Most period two hand sword texts or fechtbücher of the 14th and 15th centuries were of German or Italian provenance so folios 82 – 85 of Harley ms 3542 provide a rare and welcome glimpse into a medieval method of English two-hand sword combat. Contained within this work (ff.84v -85r ) is a well-written verse that hitherto, due to its use of supposed cryptic terms, prompted much speculation amongst two hand sword researchers and practitioners. The thesis (linked below) that these introductory paragraphs refer to clarifies the terms used in the verse thereby providing a much greater understanding of English two hand sword combat methods than was previously possible.
The obvious problem encountered when interpreting ff. 82-85 of MS Harley 3542 is the lack of illustrations to support the descriptive text. The text in question has often been described as too cryptic to understand, indeed it is thought by some that this was deliberate in order to prevent the knowledge falling in to the wrong hands. Anglo1 on the other hand thinks that the author was unable to effectively describe the methods contained in Harley 3542. I find myself disagreeing with both points of view because as I wrote in my paper:
Common sense tells us that period texts would have been clearly understood by their target audiences; if we, the modern audience, are unable to understand those same texts it is not because the methods they describe are too complex but that the ‘dictionary’ we have been using is lacking some important definitions.
Therefore the first order of the day was to find every single word used in the manuscript in period sources in order to compose a lexicon specific to it. Once found the contemporary period uses of these words allowed me to ascertain the author’s intended meanings; knowing the intended meanings suddenly opens up this source to the full scrutiny of experienced practitioners of Western martial arts. It also shows that supposed ‘scribal errors’ such as wath (commonly thought to be an error for ‘what’) and thath (supposedly an error for ‘that’) are in fact nothing of the sort, wath actually means ‘peril’. If indeed wath meant ‘what’ the transcribed sentence would read:
A whole round and a half what so it betide
This makes no literal or martial sense since it is akin to being a question! However if we replace the supposed scribal error with what I believe to be the author’s intended meaning the ‘cryptic’ suddenly becomes non-cryptic:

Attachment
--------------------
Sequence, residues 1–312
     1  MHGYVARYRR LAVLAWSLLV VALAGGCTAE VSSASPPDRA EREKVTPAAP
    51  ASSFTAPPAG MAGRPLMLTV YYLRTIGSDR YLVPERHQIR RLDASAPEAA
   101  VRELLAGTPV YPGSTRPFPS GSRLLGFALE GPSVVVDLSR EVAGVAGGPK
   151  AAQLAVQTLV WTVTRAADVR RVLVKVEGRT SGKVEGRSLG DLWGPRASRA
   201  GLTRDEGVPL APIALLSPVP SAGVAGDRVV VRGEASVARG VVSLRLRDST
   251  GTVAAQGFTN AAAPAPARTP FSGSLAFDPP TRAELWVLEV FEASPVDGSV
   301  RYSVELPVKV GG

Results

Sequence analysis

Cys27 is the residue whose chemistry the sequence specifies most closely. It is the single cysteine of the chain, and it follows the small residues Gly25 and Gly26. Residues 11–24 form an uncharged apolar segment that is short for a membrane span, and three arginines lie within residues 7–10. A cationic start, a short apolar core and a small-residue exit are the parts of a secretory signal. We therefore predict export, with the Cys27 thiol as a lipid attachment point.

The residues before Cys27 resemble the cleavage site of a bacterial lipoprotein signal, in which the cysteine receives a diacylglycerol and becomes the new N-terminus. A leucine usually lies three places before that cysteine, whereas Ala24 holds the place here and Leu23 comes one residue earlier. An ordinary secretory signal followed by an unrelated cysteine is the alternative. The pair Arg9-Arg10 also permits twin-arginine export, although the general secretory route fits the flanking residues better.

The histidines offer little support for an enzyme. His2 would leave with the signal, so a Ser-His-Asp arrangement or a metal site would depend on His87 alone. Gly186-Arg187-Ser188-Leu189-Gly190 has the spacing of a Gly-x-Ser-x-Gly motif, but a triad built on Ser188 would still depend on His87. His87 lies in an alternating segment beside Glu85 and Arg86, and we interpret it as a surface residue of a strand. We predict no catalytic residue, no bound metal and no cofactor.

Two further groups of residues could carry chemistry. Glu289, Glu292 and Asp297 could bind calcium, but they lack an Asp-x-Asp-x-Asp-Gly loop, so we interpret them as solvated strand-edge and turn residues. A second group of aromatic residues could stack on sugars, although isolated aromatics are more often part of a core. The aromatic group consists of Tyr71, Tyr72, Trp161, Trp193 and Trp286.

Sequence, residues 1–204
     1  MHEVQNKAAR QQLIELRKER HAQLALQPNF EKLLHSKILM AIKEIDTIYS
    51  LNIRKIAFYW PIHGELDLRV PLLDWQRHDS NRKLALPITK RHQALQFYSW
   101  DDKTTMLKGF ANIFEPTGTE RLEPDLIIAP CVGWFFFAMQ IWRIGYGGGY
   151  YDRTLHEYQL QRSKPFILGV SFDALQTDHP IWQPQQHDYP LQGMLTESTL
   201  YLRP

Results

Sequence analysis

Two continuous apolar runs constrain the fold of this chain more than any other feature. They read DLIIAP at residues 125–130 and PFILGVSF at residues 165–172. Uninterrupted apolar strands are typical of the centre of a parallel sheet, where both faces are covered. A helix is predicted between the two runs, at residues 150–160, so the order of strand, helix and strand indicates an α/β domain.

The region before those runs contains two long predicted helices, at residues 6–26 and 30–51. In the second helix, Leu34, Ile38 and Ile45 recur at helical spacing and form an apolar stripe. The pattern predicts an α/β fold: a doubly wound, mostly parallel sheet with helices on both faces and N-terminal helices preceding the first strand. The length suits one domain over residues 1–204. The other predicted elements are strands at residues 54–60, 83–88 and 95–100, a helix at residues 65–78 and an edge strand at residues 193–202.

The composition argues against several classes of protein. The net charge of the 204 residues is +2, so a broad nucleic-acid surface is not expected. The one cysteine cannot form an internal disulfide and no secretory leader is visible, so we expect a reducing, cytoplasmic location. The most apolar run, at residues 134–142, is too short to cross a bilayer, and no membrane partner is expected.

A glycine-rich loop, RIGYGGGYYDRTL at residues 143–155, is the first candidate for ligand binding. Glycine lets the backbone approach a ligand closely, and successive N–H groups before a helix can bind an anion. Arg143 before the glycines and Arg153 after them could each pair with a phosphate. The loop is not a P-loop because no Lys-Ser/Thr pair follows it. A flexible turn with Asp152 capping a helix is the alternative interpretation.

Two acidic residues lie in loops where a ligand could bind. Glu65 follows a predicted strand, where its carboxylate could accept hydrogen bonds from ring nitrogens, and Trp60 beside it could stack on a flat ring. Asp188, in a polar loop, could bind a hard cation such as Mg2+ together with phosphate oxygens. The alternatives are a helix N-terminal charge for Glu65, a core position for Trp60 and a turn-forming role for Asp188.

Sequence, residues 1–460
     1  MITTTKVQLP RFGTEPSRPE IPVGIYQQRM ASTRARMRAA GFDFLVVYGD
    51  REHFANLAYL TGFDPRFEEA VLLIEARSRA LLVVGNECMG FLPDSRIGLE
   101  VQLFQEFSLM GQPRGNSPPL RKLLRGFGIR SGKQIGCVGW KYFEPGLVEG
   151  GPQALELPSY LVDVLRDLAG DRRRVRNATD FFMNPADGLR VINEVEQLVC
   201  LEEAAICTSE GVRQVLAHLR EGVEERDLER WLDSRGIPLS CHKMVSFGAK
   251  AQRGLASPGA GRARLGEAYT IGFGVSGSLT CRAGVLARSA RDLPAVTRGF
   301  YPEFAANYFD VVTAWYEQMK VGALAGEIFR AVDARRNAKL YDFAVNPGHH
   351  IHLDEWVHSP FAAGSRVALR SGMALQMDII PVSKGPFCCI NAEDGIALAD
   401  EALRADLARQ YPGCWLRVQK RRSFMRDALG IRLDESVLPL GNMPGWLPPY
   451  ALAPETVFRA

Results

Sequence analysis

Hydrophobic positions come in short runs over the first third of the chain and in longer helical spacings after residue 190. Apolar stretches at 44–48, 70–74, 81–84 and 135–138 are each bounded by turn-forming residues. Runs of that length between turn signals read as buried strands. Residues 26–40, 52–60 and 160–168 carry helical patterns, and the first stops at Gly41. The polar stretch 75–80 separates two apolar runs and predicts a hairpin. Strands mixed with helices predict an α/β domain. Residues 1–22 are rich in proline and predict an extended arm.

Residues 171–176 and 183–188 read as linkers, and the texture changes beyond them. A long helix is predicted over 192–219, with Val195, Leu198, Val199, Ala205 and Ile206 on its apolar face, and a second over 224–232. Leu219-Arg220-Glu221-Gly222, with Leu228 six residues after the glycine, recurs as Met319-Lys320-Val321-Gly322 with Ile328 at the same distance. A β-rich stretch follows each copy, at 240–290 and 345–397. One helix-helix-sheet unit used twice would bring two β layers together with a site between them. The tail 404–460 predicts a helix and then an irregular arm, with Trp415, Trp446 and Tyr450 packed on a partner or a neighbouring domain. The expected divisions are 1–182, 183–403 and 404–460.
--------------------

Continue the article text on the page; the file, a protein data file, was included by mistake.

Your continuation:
A whole round and a half peril so it betide
In other words the author/master regarded a ’round and a half’ as an effective attacking combination that brings peril to the opponent. When the whole manuscript is treated in similat manner the vast majority of its methods become clear, thus, in my opinion, countering Anglo’s opinion of its author’s descriptive abilities. In fact Anglo appears to be somewhat unimpressed by the English sources, which he finds not to be ‘consciously arcane or elliptical’ (although in my opinion they are not meant to be). Anglogoes on to say
Face to face, and sword in hand, these men may even have been effective teachers
Mertin Siber on the other hand gave the impression that European masters regarded the English school of two-hand sword play rather more favourably:
The six goings hold wards which are quite
preciously good, wherein is wealful comprehension
of the cunning of quite many goodly masters: from
Hungary, Bohemia, Italy; from France, England and
Alemania; from Russia, Prussia, Greece, Holland,
Provence and Swabia.
It should also worth noting that the English two-hand sword sources reflect a rather different approach to recording knowledge than European sources in general and to attempt a direct, manuscript to manuscript, comparison of teaching methodology is not always possible.
For a complete transcription of the Harley verse, see here: http://www.aaoema.com/Two-Hand-Sword-Translation-SECURE.pdf.
1 The Martial Arts of Renaissance Europe, Sidney Anglo, 1. Yale University Press, 2000
2 Mertin Siber’s Longsword Fight-Lore of 1491 AD. (Transcription from Jeffrey Hull’s paper published on ARMA).